by Wendy Strgar January 25, 2013
“One day a monk spoke bitterly to the Buddha. All he wanted to talk about was the unbearable sorrows of the world. The Buddha remained silent while the monk talked, then a faint smile appeared on his face. He pointed to the ground below his feet and said,“On this earth I have attained awakening.” -Buddhist Mondo
It is easy to become bitter by the weight of so much unresolved sorrow in life. I feel my heart get hard and my attitude towards life turn sour sometimes when I spend too long scanning the newspaper or fixating on the CNN newscasts while at the gym. Bad news travels faster than ever and the continuous in-your-face coverage of the unceasing violence from seemingly endless human conflict and its destructive aftermath can overwhelm me to the point of withdrawal, or worse still, indifference. But my indifference doesn’t stick; over and over I am pulled back into the stories of suffering from around the world with an earnest desire to know what is happening and to find my way into being part of the solution. I know that I am not alone, struggling to find center in this pendulum swing in my relationship to suffering.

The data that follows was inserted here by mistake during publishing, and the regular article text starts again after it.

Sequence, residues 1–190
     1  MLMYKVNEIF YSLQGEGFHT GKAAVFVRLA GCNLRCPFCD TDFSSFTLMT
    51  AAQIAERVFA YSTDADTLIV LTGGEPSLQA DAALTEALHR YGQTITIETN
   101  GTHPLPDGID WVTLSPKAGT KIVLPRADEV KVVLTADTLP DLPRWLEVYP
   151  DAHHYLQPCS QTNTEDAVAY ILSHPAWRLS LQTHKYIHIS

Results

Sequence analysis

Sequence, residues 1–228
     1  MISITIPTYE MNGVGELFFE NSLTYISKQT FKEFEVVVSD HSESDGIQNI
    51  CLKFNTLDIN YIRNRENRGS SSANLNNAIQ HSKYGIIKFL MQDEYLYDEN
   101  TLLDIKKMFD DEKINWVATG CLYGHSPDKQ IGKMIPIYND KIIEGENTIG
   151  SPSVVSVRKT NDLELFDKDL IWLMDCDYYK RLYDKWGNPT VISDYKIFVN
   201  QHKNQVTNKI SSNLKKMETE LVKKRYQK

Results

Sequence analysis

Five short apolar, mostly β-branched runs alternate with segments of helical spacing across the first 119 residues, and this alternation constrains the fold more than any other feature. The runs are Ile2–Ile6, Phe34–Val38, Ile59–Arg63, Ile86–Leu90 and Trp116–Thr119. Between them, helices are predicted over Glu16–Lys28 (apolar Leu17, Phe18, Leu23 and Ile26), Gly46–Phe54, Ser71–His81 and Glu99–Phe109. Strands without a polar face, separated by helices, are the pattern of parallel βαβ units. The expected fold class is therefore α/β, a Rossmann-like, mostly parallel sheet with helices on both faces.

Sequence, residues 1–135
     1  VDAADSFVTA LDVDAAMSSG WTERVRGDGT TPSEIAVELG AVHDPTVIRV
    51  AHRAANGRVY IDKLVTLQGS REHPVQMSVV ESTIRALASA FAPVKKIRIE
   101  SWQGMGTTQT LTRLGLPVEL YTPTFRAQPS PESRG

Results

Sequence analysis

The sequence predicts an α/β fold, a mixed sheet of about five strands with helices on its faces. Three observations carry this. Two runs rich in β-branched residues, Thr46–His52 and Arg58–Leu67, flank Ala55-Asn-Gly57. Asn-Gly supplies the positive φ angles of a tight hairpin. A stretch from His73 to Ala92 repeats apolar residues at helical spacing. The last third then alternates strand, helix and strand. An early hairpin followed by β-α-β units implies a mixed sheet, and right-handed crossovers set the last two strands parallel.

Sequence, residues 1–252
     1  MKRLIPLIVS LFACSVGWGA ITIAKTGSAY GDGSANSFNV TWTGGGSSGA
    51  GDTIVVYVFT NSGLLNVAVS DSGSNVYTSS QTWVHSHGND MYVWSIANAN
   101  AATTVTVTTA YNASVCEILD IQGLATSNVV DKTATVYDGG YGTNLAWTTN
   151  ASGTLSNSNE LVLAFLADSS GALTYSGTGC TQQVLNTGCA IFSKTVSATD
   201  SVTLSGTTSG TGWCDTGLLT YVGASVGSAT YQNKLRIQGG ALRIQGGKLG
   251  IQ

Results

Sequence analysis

Dealing with my own personal disappointment and losses often intensifies this pendulum swing response. Getting lost in our own pain feels almost like a biological response, built in to me like my innate reflexes. Circling around the broken spaces and applying my problem solving intelligence, turning it over and over in my mind’s eye to find a way in to fix it is a healthy response that too easily turns obsessive. In the moments when I finally see there is no fix, the internal pendulum swings to all forms of denial, repression and escape. At first, it is too raw to hold onto the brokenness of living that asks nothing more of me than the willingness to see it for what it is, to accept that what we hold dear in life breaks and there is nothing to be done. I resist this moment that often feels like helplessness and despair, and tragically miss the opportunity that is really being offered: the chance to wake up.